There is a detailed and well-structured reading scheme in place based on Oxford Reading Tree and a variety of other materials which include; Project X, Literacy links and Literacy World.

During their time in KS2 all children take part in a daily, extended literacy lesson within which the children read a high quality text specifically chosen to compliment the literacy curriculum and themes that are being studied. This involves the class teacher modelling reading to their class. Every child during the week will be invited to read aloud. If a text is particularly challenging, children may also be given a ‘pre-read’ or chance to read in smaller group with support prior to the lesson.  

Some children may need to continue reading small group session if they have been identified as still needing support with the mechanics of reading (e.g. fluency and decoding). This is led by the class teacher or teaching assistant.  

All children bring a book home to read – a book of their choosing from a range that are age/ability appropriate.

Supporting those who need that little bit extra

We understand that all children develop at different rates and follow different paths into reading. For those children who need that little bit extra support, there are various interventions that we use to help. Children may be supported by receiving additional one to one reading sessions, which allows for specific skills (e.g. comprehension) to be targeted and addressed. ‘Toe by toe’ is also a programme that we use to help children who find decoding and reading fluently difficult. We have found this highly successful; not only in boosting children’s reading ability, but also their self-esteem and confidence. We are also extremely fortunate to have parent/grandparent volunteers who give up their free time to come into school and read with the children.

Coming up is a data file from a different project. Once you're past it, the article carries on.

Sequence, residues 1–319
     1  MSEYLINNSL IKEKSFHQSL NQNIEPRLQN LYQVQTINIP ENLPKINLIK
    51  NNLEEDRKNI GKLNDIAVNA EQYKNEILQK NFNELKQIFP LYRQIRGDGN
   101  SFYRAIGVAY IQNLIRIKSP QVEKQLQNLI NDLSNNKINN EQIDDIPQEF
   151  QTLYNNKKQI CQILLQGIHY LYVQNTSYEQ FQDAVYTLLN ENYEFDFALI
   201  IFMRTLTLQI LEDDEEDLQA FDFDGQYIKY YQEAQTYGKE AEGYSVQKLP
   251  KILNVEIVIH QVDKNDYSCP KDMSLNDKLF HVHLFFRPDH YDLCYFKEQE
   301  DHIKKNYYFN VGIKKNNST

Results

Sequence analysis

What you can do to help…

Reading with your child is vital. Research shows that it's the single most important thing you can do to help your child's education. It's best to read little and often, so try to put aside some time for it every day.

Children should be encouraged to read aloud and read on their own, but being read to is really important too, so don’t overlook the bedtime story! Focus on encouraging your child to read fluently and with expression, understanding more complex plots and broadening their vocabulary as well as building an understanding of how punctuation and grammar are used.

Our reading activities leaflet will provide lots of activities to make reading an even more enjoyable and active experience for all.

And most importantly, continue to enjoy what you do together, give lots of encouragement and expand the reading experience to keep your child switched on. Don’t forget – if they are reading something they are not enjoying - STOP!! Choose something different. Take a look at some of the weblinks below for inspiration:


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    Lickey Hills Primary School and Nursery
    Old Birmingham Road
    B45 8EU